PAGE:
Each time a new member class joins the church in central Illinois where I formerly served, the newcomers discuss three questions with the ruling elders:
- » Who is Jesus Christ?
- » What does it mean for you to be Jesus’ disciple?
- » How do you plan to live out your faith in the world?
We would always warn them at the beginning of the class that these questions were coming. We tried to lower the class’s anxiety by making sure all the speakers gave their own answers to questions. After all, not many class members had spoken out loud about their faith in Christ very regularly. Many found the first question, in particular, quite challenging.
It’s a challenging question, but it’s not a new question. After all, Jesus once broached the topic with his disciples. He starts off by asking them, “Who do people say that I am?” (Mark 8:27)
The degree of difficulty for this one was not that high. It’s at arm’s length. Just report back what they’ve heard from others. We can assume the disciples accurately say what others believe, but those beliefs about Jesus aren’t particularly accurate: John the Baptist, Elijah, Jeremiah, one of the prophets.
Which is not to say that the answers swirling around us today are much better. The Baylor Religion Survey asked about Jesus back in 2005, and received answers ranging from “Jesus is a fictional character,” to “Jesus was one of many messengers or prophets of God.” While 72 percent gave the more orthodox answer of “Jesus is the son of God,” more recent surveys from other sources indicate this percentage has likely dropped in the last decade.
Who do people say Jesus is? Some today look at him as a terrific teacher, but leave behind all miracles, the Resurrection and his divinity. Others might say that Jesus is basically a cosmic Santa Claus, answering our prayers and giving us whatever we want, as long as we are good little boys and girls.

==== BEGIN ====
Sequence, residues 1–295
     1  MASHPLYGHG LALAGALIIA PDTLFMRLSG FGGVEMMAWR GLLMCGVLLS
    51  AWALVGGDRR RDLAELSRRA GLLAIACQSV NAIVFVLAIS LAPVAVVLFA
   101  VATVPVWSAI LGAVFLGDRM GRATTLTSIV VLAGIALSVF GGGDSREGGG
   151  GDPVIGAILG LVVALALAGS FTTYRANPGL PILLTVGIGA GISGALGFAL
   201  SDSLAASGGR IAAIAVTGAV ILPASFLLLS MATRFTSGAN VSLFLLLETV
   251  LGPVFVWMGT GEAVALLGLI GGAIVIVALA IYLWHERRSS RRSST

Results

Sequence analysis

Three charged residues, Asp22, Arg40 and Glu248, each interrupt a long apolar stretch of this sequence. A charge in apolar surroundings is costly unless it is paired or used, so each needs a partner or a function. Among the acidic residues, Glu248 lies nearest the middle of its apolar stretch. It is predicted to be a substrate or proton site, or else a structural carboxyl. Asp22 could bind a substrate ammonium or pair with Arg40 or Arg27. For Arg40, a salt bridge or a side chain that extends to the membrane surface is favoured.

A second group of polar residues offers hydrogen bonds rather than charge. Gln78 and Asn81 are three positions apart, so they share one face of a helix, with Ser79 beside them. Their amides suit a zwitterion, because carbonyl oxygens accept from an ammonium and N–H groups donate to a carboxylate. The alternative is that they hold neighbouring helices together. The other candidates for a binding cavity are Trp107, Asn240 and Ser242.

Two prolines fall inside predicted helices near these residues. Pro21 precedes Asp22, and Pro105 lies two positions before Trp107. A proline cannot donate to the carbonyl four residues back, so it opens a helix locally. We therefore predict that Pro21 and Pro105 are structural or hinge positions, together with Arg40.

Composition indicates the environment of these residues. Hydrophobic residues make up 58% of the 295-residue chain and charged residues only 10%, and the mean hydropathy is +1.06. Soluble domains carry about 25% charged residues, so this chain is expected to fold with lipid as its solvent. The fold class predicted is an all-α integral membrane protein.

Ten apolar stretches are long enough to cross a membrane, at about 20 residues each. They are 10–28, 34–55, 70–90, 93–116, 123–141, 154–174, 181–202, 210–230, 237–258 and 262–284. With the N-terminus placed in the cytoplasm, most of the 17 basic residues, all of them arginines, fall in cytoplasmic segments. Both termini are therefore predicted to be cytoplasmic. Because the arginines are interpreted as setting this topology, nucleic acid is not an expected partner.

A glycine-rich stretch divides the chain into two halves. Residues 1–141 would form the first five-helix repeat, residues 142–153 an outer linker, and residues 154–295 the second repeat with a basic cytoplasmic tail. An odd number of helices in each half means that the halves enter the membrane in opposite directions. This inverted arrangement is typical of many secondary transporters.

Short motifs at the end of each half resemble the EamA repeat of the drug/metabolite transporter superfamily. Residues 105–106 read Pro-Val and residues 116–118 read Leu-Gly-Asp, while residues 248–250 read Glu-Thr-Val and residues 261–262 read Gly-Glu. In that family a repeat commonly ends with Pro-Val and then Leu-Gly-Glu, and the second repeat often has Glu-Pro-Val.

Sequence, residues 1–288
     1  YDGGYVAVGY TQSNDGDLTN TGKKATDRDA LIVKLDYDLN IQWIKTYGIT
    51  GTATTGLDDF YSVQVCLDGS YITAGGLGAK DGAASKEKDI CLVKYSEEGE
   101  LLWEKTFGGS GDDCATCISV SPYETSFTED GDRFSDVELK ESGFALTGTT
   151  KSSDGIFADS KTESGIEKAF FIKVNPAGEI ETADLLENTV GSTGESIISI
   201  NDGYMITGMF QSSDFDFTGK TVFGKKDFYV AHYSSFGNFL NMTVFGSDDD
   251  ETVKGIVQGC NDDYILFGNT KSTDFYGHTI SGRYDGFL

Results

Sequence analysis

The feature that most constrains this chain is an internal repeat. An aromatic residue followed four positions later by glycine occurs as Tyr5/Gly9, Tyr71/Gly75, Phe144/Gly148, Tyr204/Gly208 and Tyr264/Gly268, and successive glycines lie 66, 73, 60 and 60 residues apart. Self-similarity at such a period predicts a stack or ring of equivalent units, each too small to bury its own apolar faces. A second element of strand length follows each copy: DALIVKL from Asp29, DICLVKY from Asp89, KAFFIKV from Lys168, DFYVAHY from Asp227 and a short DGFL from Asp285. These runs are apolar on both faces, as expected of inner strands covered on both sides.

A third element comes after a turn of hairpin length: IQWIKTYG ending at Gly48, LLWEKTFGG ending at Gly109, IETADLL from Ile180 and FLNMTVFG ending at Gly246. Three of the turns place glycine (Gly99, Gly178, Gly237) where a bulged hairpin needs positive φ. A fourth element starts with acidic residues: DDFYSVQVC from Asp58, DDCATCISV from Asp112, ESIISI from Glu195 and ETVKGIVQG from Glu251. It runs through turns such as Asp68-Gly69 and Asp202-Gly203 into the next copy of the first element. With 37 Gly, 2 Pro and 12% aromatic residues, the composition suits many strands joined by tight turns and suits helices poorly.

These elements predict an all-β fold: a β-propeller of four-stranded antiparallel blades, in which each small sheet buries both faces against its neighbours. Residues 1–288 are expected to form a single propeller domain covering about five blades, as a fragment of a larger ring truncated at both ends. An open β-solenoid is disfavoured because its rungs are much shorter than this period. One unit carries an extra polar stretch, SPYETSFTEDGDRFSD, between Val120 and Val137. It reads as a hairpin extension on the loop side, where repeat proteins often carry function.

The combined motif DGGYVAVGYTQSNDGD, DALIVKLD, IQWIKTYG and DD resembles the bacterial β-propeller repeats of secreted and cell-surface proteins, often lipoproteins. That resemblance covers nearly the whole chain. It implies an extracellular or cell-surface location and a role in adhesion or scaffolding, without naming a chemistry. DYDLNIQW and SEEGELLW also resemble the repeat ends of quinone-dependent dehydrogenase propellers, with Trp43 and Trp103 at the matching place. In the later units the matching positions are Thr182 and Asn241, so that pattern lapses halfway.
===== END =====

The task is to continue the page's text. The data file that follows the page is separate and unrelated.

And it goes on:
Who do people say Jesus is? The church has taken numerous stabs at answering that question over the centuries. The Scriptures tell us that Jesus is the Lamb of God, the Word of life, the pioneer and perfecter of faith, the chief cornerstone, the righteous Judge, the Chief Shepherd, and the Alpha and the Omega, not to mention the Son of God, Son of Man, Messiah, and Lord.
There are many more or less faithful ways to answer the question, “Who do people say that Jesus is?” His disciples back then gave him some interesting answers; we disciples today give some interesting answers as well.
But Jesus must not be all that satisfied with all these answers, because he immediately asks his disciples (and us) a more penetrating question: “Who do you say that I am?” (Mark 8:29) It’s no longer arm’s-length. It’s no longer about what others say. This question asks us to say out loud what we believe about who Jesus is.
When Jesus first posed the question, Peter said, “You are the Messiah.” He might have added that Jesus was the one the prophets had foretold, the one who had come to save Israel, the anointed one sent from God.
Jesus asks us, “Who do you say that I am?” As we look back on Easter and Pentecost, it’s a good time to take a cut at an answer. Maybe the last time you answered this question out loud was when you were in confirmation. Or maybe you are a teaching elder and haven’t articulated your faith since your totally-sanitized-to-make-sure-you-got-through-the-examination statement of faith.
Write down what you believe now. Better yet, have a conversation with someone about your answer. Not because you have to, but as an act of devotion — a statement of faith as an act of praise and worship.
Who do you say that Jesus is? He’s looking forward to hearing your answer.
CHARLES B. “CHIP” HARDWICK is director of theology, worship and education for the Presbyterian Mission Board Agency in Louisville, Ky.